Justice League: Crisis on Two-Earths is the latest original DC animated film and takes on a legacy that is forty years in the making. The idea of parallel Earths has been a staple in DC continuity since the advent of the Silver Age of comics when it was decided that the Golden Age and Silver Age Superheroes came from different Earths. Longtime DC writer Gardner Fox penned the first “Crisis” story involving the parallel worlds way back Justice League of America #29-30, in 1964. Since then, Crisis has become a regular plotline in DC comics…some may say its even an obsession.
In this story, the Crime Syndicate is an evil version of the Justice League. They control their Earth in an organized crime manner with each of the core members controlling a territory with a “family” of under-villains to help enforce their rule. Here, Lex Luthor is one of the last superheroes alive and he uses a dimensional transporter to travel to the Earth of the JLA and enlist their aid to save his world.
While most of the League is in favor, Batman refuses, believing they have more important tasks on their own world. Superman, Wonder Woman, Green Lantern, Flash, and J’onn J’onzz travel with Luthor back to his world to confront the villains. Here they will not only fight their own evil counterparts, but also evil versions of heroes such as The Marvel Family, Green Arrow, The Elongated Man, and Vibe. But a more serious threat is soon uncovered…Owlman, the parallel to Batman is hatching a plot that could destroy the entire universe.
One of the strengths of DCs animated films over those of Marvel’s is their use of well-known actors to voice the characters. This works both for and against DC in this film, however. The familiar voices of Kevin Conroy and Rino Romano as Batman, and Tim Daly and George Newbern as Superman, have been replaced by William Baldwin (Batman) and Mark Harmon (Superman). Baldwin is passable as Batman but Harmon just doesn’t sound right. His voice doesn’t have the power and authoritative tone you expect from Superman. On the other hand, James Woods is brilliant as Owlman. He single-handedly raises the bar for the other actors with his voice that oozes sinister evil. Chris Noth is fine as Lex Luthor but you definitely miss Clancy Brown’s deep resonations. Another notable actors include Bruce Davison as the alternate Earth President and Kari Wuhrer as Black Canary.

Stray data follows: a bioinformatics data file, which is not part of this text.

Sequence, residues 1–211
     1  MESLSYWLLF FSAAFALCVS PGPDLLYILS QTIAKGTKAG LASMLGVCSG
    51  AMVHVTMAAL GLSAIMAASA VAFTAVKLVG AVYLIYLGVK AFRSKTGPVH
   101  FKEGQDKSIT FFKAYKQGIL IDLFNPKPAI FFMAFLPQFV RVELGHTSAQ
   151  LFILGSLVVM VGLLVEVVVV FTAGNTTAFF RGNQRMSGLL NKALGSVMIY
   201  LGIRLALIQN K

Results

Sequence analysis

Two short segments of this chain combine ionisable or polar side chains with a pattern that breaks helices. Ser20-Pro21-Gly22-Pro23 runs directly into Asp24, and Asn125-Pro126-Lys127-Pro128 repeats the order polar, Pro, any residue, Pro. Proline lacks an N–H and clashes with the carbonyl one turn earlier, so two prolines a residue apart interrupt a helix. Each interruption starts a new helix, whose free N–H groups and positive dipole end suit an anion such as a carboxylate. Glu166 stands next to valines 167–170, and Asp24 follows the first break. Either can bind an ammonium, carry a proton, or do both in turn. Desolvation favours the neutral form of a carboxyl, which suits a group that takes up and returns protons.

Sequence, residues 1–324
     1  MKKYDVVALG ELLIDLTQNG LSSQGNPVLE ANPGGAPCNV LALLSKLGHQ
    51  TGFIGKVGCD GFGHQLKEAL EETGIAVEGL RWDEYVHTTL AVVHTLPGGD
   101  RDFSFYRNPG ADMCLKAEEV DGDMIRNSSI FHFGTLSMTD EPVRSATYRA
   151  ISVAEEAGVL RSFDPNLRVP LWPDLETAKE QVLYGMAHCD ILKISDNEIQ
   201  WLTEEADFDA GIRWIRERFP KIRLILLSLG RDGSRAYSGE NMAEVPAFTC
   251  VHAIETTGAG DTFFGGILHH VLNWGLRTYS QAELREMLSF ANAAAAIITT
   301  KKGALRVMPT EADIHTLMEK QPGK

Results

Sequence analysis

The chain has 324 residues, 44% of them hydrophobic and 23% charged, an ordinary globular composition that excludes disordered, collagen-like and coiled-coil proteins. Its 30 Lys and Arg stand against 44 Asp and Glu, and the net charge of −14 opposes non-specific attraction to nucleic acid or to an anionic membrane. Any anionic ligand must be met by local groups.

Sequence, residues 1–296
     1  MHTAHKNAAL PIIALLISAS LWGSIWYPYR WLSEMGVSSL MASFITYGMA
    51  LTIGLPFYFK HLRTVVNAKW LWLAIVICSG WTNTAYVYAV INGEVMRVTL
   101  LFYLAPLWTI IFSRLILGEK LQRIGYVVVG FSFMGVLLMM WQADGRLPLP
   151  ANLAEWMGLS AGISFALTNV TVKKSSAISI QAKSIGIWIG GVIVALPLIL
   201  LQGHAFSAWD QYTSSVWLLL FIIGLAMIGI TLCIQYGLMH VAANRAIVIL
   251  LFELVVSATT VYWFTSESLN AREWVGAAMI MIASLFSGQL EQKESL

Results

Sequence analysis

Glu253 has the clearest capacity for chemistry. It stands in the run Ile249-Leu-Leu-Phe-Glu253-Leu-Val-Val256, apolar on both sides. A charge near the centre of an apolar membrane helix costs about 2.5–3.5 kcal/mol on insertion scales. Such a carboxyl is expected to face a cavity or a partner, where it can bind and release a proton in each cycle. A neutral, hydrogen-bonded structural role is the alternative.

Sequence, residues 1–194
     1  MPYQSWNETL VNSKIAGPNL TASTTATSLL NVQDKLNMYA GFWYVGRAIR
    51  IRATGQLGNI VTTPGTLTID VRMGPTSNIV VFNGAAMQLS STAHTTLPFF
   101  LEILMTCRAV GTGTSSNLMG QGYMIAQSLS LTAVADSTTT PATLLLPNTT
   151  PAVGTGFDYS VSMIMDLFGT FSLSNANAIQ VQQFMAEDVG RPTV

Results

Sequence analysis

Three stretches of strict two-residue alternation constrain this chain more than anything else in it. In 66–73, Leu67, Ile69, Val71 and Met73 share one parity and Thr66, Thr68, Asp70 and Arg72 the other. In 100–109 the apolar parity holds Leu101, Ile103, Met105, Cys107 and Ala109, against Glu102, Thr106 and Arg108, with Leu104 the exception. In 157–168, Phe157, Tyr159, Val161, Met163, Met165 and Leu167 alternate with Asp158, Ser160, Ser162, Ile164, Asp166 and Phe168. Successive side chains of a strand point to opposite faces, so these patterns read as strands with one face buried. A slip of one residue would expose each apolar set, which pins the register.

Justice League: Crisis on Two-Earths is a solid story although not quite on a par with Green Lantern: First Flight or Superman/Batman Public Enemies. It plays like an extended episode of the Justice League TV show with nothing truly making it momentous.
The DVD also comes with a short animated feature starring The Spectre and I’m tempted to say this is worth the price of the DVD alone. The Spectre is the most important DC character yet to appear in animation. The story is written by Steve Niles is largely influenced by the 1970s incarnation of the Specter in Adventure Comics, written by Michael Fleisher with art by Jim Aparo. This was a Spectre that dealt with criminal in the most gruesome fashion and Niles has brought that style to this short. It’s even set in the 1970s with Jim Corrigan as the Spectre, trying to track down the murderers of a top Hollywood film producer. The animation is done in a misty, grainy style with traces of Anime influence. Just a fantastic addition to the DVD!
Other extras on the two DVD set include: